SSL Certificate
Jerilyn Virden
Clay: Sculptural Vessels with Hollow Forms

Session Two - June 17-23, 2018

Course Description
Working with earthenware clay, students will use handbuilding techniques to explore the vessel as both a sculptural container and an abstract object. Beginning with small maquettes, students will experiment with shape and proportion, brainstorming directly with clay. This collection of rapidly developed three-dimensional sketches will become a resource for the rest of the workshop. With a focused study of proportion, structure, and surface, students will learn to translate these solid objects into hollow forms. Students will build double-walled vessels through pinching, coiling, and carving, using these techniques to explore issues of scale. Completed work will be bisque fired at the end of the workshop. Open to all levels.

Artist's Biography
Jerilyn is a studio artist in the village of Greensboro, VT. She creates hollow ceramic sculptural forms as well as utilitarian pottery. Before relocating to the Northeast Kingdom of Vermont, she was a studio artist in Mitchell County, North Carolina for 10 years, and in 2006 she received a North Carolina Arts Fellowship Grant. She was an artist-in-residence at Penland School of Crafts from 2001-2004. She received her MFA from Southern Methodist University in 2001, studying both on the Texas campus of SMU and through SMU programs in New York City and Taos, New Mexico. Before attending graduate school Jerilyn completed a two-year assistantship at the studio of Silvie Granatelli, in Floyd, Virginia. She graduated with a BFA from West Virginia University in 1997 and has also studied abroad at the Jing-de-zhen Ceramic Art Institute in China. Her work has been exhibited at the Mint Museum of Craft and Design, and she also has work in the permanent collection of the Asheville Art Museum and NCECA.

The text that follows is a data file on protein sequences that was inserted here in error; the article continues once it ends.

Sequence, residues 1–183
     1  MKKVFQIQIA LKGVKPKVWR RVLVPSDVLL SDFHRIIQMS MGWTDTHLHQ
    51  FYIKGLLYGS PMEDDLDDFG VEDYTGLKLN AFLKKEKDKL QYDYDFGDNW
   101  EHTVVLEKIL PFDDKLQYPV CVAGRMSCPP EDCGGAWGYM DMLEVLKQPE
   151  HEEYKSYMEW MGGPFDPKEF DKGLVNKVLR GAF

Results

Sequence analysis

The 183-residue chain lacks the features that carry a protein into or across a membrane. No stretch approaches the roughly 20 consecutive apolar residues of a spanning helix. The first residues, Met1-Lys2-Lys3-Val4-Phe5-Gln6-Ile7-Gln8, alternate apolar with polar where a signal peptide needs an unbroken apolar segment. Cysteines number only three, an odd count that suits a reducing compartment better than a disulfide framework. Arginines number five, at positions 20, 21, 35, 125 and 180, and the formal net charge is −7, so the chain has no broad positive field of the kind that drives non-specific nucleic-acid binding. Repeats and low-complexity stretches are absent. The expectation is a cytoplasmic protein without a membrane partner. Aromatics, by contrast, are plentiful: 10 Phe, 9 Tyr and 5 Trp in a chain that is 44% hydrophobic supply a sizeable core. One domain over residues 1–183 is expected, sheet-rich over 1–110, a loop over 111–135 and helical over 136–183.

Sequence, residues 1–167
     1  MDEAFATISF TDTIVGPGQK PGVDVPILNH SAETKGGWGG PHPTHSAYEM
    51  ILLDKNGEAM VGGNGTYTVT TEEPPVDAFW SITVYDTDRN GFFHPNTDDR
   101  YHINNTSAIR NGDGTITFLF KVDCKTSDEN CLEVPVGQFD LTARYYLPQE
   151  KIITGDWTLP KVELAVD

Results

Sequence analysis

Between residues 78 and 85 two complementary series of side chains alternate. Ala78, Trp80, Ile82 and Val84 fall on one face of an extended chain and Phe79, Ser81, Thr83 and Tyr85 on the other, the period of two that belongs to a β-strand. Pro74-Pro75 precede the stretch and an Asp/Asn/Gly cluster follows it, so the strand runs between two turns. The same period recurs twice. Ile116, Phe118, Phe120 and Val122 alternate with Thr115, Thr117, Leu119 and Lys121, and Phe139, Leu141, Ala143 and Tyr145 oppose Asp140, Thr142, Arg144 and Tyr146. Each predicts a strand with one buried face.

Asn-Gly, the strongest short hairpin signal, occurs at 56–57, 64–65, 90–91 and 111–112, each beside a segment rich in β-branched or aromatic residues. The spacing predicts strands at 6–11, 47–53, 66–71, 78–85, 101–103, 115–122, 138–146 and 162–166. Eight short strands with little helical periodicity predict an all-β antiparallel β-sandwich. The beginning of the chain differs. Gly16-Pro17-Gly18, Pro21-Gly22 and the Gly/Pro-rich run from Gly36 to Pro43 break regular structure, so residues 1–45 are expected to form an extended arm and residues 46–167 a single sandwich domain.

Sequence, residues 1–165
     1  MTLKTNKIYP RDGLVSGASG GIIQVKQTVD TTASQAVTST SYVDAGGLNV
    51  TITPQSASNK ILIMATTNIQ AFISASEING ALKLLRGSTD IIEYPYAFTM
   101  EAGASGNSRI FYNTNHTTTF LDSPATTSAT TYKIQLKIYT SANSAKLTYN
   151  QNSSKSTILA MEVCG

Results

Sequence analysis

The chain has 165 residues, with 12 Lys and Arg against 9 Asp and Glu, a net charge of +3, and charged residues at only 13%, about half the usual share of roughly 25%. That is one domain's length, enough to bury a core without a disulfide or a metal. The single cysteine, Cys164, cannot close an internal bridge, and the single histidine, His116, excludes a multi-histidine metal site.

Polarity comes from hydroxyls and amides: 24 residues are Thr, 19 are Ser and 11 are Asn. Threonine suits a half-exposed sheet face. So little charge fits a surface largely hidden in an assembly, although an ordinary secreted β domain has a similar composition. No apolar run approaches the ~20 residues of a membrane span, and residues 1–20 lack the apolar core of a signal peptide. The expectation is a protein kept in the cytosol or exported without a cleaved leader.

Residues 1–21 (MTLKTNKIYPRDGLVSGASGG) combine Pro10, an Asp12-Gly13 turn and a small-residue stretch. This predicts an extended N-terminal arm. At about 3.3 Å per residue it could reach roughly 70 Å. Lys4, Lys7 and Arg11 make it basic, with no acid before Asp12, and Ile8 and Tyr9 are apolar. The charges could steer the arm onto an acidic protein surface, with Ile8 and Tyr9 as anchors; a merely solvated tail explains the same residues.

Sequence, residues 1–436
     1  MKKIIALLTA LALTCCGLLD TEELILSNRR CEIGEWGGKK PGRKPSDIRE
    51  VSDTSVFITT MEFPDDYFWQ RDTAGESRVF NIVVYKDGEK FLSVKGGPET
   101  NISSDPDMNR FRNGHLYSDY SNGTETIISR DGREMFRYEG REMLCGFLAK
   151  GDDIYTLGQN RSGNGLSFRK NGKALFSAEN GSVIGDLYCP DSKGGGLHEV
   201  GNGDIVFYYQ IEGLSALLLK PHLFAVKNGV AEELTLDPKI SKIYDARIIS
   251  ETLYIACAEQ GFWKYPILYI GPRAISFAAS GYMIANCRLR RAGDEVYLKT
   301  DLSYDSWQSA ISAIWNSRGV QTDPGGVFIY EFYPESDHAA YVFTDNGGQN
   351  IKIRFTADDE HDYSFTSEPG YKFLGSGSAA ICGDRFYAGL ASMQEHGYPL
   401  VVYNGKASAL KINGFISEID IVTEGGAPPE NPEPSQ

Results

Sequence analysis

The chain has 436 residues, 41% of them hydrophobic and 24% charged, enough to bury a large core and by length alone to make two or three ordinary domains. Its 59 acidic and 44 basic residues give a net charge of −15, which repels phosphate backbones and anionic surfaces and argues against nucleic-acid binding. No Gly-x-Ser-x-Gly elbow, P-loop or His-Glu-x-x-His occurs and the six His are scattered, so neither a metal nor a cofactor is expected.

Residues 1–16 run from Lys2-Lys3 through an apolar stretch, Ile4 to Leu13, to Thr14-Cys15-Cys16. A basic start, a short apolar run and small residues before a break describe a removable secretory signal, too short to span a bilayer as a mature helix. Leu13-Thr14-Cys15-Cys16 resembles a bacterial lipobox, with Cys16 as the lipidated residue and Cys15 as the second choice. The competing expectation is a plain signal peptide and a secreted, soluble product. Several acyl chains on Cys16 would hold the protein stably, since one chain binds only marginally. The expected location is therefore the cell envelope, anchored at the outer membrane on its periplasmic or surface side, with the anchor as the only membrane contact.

Artist's Statement
Using the vernacular of the vessel, I use earthenware clay to create intimate spaces. Each form employs a language that reveals its intentions. My interest lies in the slight shifts within the arc of a bowl that determines the nature of the containment. Looking to primitive objects that have a contemporary relevance, I pare down forms and exaggerate isolated elements accentuating their sense of generosity and strength. Hollow construction allows for exaggeration of features, contributing a visual weight that floats above the table. A bowl that curls back on itself may seem shy and protective, while the force of a gentle upward turn of its lip invites a more active investigation of the object. Formed through repeated scraping and pinching, building up and finally excavating the appropriate curve, each piece retains the history of its making. Layers of glaze soften these individual marks, bringing more clarity to the form. The surface becomes a way to manipulate scale, moving from intimacy to expansion, in the way one understands a landscape by knowing both the small stone at one’s feet and the bulk of the mountain far away.

Supply List:

General clay working tools:

  • Selection of Ribs: rubber, metal, wood, etc.
  • Selection of trimming loop tools
  • Fettling knife
  • Needle tool
  • wire tool
  • small sponge
  • Spray bottle
  • Rolling Pin
  • Banding wheel

Additional tools:

  • Wire cheese cutter
  • Paddles (or wooden spoon)
  • Fabric tape measure
  • Sureform rasp blades
  • Open mesh sandpaper,
  • Cotton fabric (like an old bedsheet) for covering work
  • Scissors and/or utility knife
  • Sharpie Marker

General: Sketchbook, pencil, eraser and any preferred drawing utensils

Jerilyn Virden

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